We found some incredible restaurants nearby and tried some of the local okonomiyaki in the well known restaurant, Mizuno. Here, we found out that as part of the Japanese culture, it’s very impolite to take photographs or video of the chefs as they prepare your meal in front of you. It was truly an impressive show tho. The classic okonomiyaki (originated in Osaka) is like a savoury Japanese pancake made with a variety of ingredients. Okonomi literally means "what you like" or "what you want", and believe me, YOU WANT IT. We had to try the classic, but we also tried the signature Mizuno version, a yam-based okonomiyaki with scallops and roast pork. YUM. 

We also tried the famous local street food takoyaki (fried octopus fritters). They’re made up of a wheat flour batter, diced octopus, pickled ginger, and onion; topped with a super yummy sauce. The really impressive part however, is seeing how the street vendors prepare these little balls. It’s amazing the grace and skill they have as they quickly whip the batter around with little sticks in what looks like round-shaped cupcake trays to perfectly crisp the outer layer of the balls. 

There was one more famous local dish, but this one we purposely stayed away from.. the deadly fugu (blowfish). Many restaurants specialise in preparing this dish, but the thrill of maybe dying after eating it didn’t sound very appealing to me. 

Crazy Shopping & Our Favorite Bar

Osaka is FILLED with large shopping street malls: Shinsaibashi, Horie Tachibana (Orange Street), Amerikamura, and more. If you enjoy shopping, you’ll definitely love Osaka… I’m not much of a shopping type myself. And as a world traveler, I can’t really afford to shop much anyway - especially after 11 other countries and their souvenirs… I’ve pretty much packed up my backpack to bursting point by now! Either way, walking around, window-shopping and people-watching is still fun. The shops in the area called “Amerikamura” or “American village” - not making this up - are particularly cool because you can also admire the impressively creative store designs (exterior and interior). This area has a bit of an indie-punk feeling kind of scene where we found our favorite bar, Little Sheep. Don’t be thrown off from the english name… it’s actually really cool. We crawled down a tiny flight of stairs after following a chalkboard sign with promise of cocktails and music. This place is like someone’s tiny dark basement. Everyone takes off their shoes and cuddles on the floor with pillows and blankets. It’s awesome. Great music, great lounge-y atmosphere, great cocktails, a projector showing hip Japanese music videos, and fun games like UNO and Jenga are passed around. The bartenders we’re all the friendliest of people too. 

Lights, more lights, and food!

Dotonbori is crazy. It’s just one street, not a big metropolitan business district or anything like I had somewhat expected, but it’s so filled with neon lights and 3D signs, you might not be able to tell the difference. It packs with people day and night, seven days a week. During the day, people flock there for the food. During the night, it’s club-and-bar-central.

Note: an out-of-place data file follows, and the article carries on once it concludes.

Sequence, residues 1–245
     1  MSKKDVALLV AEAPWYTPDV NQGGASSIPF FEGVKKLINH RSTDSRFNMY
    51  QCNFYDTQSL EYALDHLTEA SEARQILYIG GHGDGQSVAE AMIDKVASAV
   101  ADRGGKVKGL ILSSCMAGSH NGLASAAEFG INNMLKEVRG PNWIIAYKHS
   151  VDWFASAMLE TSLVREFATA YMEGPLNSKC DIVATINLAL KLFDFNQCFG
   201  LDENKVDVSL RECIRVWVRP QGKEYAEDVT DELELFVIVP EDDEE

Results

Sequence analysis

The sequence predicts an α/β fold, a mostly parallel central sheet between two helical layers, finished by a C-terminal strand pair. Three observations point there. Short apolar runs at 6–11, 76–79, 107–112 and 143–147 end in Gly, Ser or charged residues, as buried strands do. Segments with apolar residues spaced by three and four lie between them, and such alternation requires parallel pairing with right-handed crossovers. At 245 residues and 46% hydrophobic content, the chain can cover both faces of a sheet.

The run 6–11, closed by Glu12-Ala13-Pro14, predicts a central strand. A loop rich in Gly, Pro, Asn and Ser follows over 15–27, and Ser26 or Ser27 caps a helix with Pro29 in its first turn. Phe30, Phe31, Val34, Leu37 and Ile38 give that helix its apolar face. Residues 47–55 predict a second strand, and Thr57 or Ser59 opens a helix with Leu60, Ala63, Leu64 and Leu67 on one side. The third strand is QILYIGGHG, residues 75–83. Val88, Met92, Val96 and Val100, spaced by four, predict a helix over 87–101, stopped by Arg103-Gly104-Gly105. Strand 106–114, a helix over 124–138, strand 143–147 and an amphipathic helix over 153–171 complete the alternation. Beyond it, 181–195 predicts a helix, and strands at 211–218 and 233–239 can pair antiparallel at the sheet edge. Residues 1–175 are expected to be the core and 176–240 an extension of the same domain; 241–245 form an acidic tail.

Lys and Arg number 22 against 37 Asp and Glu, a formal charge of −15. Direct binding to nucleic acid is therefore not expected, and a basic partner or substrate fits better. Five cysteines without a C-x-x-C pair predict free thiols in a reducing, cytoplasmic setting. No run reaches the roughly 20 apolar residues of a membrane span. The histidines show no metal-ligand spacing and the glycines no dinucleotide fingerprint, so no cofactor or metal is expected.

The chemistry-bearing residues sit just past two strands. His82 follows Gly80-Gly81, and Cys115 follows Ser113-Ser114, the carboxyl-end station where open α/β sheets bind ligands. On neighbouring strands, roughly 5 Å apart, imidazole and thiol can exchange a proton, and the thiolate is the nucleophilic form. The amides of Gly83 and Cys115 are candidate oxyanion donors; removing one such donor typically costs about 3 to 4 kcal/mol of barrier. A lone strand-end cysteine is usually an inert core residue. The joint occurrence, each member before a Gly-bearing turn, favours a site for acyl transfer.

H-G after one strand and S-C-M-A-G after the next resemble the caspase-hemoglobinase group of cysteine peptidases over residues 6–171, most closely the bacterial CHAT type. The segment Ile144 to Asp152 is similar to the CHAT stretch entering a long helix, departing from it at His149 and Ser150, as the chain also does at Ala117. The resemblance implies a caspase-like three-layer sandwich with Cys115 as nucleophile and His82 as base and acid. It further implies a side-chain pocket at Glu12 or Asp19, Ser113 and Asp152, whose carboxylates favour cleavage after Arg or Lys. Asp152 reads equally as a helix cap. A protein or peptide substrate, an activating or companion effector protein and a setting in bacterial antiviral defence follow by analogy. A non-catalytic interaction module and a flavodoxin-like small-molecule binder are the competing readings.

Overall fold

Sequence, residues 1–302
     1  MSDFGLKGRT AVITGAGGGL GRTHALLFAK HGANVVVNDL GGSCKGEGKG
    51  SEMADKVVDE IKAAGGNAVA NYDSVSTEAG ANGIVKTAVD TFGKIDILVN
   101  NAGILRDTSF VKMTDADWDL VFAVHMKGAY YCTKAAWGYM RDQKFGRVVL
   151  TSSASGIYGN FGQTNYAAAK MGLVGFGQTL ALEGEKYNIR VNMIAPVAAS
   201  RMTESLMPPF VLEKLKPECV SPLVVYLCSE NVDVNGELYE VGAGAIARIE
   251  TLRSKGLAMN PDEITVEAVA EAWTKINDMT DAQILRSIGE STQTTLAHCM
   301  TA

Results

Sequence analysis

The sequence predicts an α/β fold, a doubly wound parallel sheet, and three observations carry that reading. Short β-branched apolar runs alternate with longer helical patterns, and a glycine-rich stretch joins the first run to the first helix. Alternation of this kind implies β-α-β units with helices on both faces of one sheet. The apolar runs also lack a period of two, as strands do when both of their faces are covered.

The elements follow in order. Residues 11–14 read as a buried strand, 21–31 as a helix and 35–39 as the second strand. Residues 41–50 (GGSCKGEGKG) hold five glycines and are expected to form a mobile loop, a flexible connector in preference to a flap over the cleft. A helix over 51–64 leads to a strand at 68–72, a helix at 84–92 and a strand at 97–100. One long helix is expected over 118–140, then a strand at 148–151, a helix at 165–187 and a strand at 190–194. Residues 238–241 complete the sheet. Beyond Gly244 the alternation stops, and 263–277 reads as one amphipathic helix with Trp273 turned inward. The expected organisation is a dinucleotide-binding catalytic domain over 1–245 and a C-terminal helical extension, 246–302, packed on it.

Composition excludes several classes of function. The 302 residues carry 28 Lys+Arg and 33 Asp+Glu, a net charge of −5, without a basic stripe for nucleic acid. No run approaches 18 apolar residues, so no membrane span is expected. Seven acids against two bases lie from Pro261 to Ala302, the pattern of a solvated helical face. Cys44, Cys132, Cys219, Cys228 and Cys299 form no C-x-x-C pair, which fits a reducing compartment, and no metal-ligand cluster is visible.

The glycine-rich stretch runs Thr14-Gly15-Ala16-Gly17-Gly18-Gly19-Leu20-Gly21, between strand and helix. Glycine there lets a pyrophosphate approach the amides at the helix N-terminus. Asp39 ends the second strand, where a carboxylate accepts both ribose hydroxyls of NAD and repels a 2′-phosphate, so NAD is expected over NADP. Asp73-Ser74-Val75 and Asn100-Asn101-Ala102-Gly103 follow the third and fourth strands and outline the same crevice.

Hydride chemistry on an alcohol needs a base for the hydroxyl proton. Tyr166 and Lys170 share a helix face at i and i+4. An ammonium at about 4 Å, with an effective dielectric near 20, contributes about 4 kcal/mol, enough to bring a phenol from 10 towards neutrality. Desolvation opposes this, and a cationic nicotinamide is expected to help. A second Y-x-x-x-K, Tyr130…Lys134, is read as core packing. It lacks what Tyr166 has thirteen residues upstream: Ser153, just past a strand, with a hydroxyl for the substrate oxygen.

Cute Design & Coffee Shops

Orange Street is the place to go during the day to find cute design stores, furniture boutiques, and coffee shops. Our favourite by far was Biopic - an adorable design furniture store with a café on the first floor and a rooftop bar / restaurant. We also travelled a bit further uptown to check out a cool co-working space we had found online: "Crossing" Come on up House. It was a great place to focus with other like-minded digital nomads, and get some work done with tea and snacks. 

Tourist Sites

There’s not very many tourist sites in Osaka… but we went to see the Hozen-ji temple and the Osaka castle. They were cool, but they were kind of out-shined by the amazing food in Osaka. They were cool, but visiting Osaka seems to be much more about experiencing the crazy arcade lifestyle and tasting the delicious Osaka cuisine.

Seoul, South Korea

I never thought I could see myself living in an Asian country until I came to Seoul. The language, alphabet, food, people, and culture may be different, a lot of the lifestyle is pretty close to what I’m used to. It struck me that in fact, it was actually very easy to adapt so quickly to this new, strange place. Doing some research during our layover in Tokyo, I noticed a lot of people saying how learning the alphabet is surprisingly easy. As language geek, I had to investigate. The result? Upon arriving in Seoul I could actually read pretty much everything! The only issue is that I need to work on the vocabulary in order to understand what I’m reading but to tell you the truth, I fell in love with this new language! From a designer perspective, I also think the written Hangul characters just look so beautiful!